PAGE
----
By Michael Goldstein
By Dennis Romero
By Sarah Fenske
By Matthew Mullins
By Patrick Range McDonald
By LA Weekly
By Dennis Romero
By Simone Wilson
FIVE YEARS AGO, the honchos at the Los Angeles County Department of Public Health were caught off guard. An outbreak of syphilis among gay men suddenly popped up on their radar, and leaders in the gay community quickly put pressure on the health officials to launch a timely marketing campaign to warn the public.
They chose a mascot for the county’s marketing campaign — a cartoon drawing of an unidentifiable red blob named Phil, meant to represent a syphilis sore. But in a decision that set the wags talking about absurd Los Angeles prudishness, county officials refused to also use a smiling cartoon of a talking “healthy penis” — a drawing so inoffensive it looked like a bratwurst.
San Francisco and Seattle used both the penis and the Phil cartoon in their campaigns, but Los Angeles officials, located in the filming capital of tits and ass, couldn’t handle the image of a happy cock. “The county was more concerned about people’s tender sensibilities than getting the message out,” says Michael Weinstein, president of AIDS Healthcare Foundation, the nation’s largest provider of HIV/AIDS medical care.
Today, the Department of Public Health faces a much bigger problem than that old dustup: That syphilis outbreak has not only refused to go away, but infection rates among gay and bisexual men have skyrocketed 365 percent between 2001 ?and 2005 to 1,585 cases.
The bad news gets worse. On June 29, the federal Centers for Disease Control and Prevention announced that neurosyphilis — a serious and rare form of syphilis, which can lead to blindness and stroke — had been found in HIV-positive gay and bisexual men in Los Angeles, San Diego, Chicago and New York.
Yet, in what appears to be a replay of their timidity five years ago, county bureaucrats have been extremely slow to react, failing to beef up their traditional three-pronged attack using prevention, testing and education — a proven strategy for fighting the syphilis scourge in other cities.
Critics are peeved that government bureaucrats in Los Angeles County, despite the raging syphilis and emergent neurosyphilis in gay men, have leisurely spent their time over the past year developing and testing yet another marketing campaign.
“Public Health almost promotes bad health as they keep fiddling and we keep telling them it’s going to get worse and worse,” says Miki Jackson, an activist and health care consultant to the gay and lesbian community. “And we’ve been right more times than we would like.”
Organizations such as AIDS Healthcare Foundation, AIDS Project Los Angeles and the Los Angeles Gay and Lesbian Center have been warning county health officials including Dr. Jonathan Fielding, director of Public Health, and John Schunhoff, chief of operations of Public Health, for years.
WHAT’S REALLY TROUBLING, critics say, is that while these leaders at Public Health knew something was going awry in their fight against syphilis, they moved aggravatingly slowly. In 2000, cases of syphilis among gay men zoomed from zero to 69, but after running an outreach program for just two months, the county declared success and stopped funding it. Gay leaders were mystified, warning health officials that the situation was worsening — and in 2001 syphilis cases jumped to 85.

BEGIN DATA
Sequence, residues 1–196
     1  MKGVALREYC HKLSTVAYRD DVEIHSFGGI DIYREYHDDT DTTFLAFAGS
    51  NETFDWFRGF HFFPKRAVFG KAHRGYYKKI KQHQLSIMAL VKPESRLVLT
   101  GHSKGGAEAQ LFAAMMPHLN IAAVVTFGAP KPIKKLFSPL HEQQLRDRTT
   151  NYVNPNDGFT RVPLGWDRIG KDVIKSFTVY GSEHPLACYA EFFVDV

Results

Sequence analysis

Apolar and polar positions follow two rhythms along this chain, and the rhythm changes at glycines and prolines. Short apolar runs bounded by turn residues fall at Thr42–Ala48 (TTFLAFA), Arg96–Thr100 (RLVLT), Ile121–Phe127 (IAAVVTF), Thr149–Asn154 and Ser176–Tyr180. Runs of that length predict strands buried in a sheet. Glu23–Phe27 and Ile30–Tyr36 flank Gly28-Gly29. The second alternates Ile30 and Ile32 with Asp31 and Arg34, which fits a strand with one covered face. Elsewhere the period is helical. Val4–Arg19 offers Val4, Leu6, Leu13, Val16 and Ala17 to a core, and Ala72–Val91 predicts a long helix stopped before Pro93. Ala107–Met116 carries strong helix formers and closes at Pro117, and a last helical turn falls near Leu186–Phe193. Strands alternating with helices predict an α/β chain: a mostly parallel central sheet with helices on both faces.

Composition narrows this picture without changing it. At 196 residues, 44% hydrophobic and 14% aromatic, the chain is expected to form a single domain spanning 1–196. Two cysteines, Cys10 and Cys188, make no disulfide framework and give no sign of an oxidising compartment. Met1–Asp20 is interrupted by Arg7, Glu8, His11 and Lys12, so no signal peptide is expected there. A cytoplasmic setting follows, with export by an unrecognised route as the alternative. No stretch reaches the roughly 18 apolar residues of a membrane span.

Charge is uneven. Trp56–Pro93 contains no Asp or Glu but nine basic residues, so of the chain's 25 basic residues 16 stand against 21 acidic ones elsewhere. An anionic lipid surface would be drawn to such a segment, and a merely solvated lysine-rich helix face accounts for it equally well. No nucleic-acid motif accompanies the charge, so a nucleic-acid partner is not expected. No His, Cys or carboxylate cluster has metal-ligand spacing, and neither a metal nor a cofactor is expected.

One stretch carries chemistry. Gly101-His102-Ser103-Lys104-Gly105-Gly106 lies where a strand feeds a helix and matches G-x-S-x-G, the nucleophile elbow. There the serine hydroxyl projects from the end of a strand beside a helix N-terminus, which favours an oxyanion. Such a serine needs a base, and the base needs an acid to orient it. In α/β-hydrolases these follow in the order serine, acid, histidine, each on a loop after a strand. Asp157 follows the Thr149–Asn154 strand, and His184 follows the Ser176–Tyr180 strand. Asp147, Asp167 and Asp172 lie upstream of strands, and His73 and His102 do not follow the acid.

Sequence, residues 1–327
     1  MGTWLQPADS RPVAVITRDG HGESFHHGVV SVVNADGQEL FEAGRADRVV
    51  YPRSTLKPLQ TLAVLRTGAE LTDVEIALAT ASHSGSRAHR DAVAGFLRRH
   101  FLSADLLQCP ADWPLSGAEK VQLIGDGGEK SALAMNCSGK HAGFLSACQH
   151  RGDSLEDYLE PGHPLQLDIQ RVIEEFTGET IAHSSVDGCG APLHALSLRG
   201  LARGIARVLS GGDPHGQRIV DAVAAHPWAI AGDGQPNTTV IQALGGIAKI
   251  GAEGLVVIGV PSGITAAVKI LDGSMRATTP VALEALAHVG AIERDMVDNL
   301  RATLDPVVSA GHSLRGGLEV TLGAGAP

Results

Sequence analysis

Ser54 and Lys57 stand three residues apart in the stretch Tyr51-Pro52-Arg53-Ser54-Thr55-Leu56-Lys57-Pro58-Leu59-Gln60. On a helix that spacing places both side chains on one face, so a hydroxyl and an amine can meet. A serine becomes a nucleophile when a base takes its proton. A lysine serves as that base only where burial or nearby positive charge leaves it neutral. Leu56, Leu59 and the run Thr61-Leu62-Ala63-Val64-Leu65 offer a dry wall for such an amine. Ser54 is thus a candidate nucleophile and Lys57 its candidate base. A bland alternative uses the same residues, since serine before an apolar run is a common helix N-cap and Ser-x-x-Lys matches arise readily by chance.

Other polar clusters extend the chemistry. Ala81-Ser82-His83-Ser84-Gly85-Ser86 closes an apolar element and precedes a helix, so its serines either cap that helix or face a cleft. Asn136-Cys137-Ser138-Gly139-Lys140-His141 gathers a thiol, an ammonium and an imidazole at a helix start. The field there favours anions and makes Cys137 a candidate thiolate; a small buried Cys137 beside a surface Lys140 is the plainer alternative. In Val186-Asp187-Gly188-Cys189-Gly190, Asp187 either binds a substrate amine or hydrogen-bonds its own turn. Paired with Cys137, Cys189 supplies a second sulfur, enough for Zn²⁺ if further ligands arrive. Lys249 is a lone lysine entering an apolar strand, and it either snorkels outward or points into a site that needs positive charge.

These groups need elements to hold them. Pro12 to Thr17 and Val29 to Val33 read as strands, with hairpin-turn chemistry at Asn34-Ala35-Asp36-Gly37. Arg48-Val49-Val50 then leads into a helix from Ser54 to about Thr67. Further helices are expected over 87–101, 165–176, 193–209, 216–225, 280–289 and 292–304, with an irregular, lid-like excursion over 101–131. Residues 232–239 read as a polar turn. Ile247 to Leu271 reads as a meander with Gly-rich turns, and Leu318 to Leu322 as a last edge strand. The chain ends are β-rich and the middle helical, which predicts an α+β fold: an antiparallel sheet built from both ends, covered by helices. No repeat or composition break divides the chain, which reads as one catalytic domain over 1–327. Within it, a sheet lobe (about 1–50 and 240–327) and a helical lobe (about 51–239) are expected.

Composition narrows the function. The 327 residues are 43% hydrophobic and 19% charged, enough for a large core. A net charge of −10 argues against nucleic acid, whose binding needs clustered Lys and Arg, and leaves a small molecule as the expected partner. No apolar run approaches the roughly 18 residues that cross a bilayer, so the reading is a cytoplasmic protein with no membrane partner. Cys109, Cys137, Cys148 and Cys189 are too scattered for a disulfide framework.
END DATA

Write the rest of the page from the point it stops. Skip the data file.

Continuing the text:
In recent months, with the new numbers showing a massive problem, county officials argue that they didn’t issue a call for more action because the sharply rising data simply reflected the fact that more people who harbored syphilis had decided to be screened. “If you’re successful in getting people tested,” explains Schunhoff, “the numbers go up.”
On one level, Schunhoff’s right. But even he was reluctant to explain away the spike merely as a surge in data. In 2005, the county stopped funding the widely seen campaign using Phil the syphilis sore — the year syphilis infections hit a peak of 1,585 cases. And until last week, the county, with its $19.38 billion budget, had failed for 18 months to fund any public-education campaign warning of the mounting syphilis scourge.
“With HIV/AIDS, the county has been pretty responsive,” says Whitney Engeran III, director of prevention and testing at AIDS Healthcare Foundation. “When it comes to [sexually transmitted diseases], however, there’s not the same kind of action.”
Critics say the dichotomy is mind-boggling, since rising rates of sexually transmitted diseases clearly signal an increase in unsafe sex practices. And unsafe sex leads to more HIV/AIDS cases. Moreover, experts in Los Angeles point out that men with syphilis sores are more susceptible to HIV/AIDS. Either way, syphilis and other spreading diseases are not simply the material for crude jokes anymore. In the long run, they spell big trouble.
Schunhoff defends the 18 months it took the lumbering county to create its brand-new marketing campaign, featuring a hunky, half-naked man wrapped in a white towel preparing to take a shower, with the slogan: “Check yourself. Don’t assume you’re getting off clean.”
“We were trying to get a campaign that works with focus groups,” Schunhoff says. “The [Los Angeles County] Board of Supervisors wanted something that was really effective.” He predicts optimistically, “I think the outcome will result with more testing.”
Yet county officials never asked the gay health care community, with its decades of marketing experience, what “effectiveness” looks like, according to Miki Jackson. “They kept the entire campaign a secret,” she charges. “We had no input, and whenever we asked them a question, they were silent about it.”
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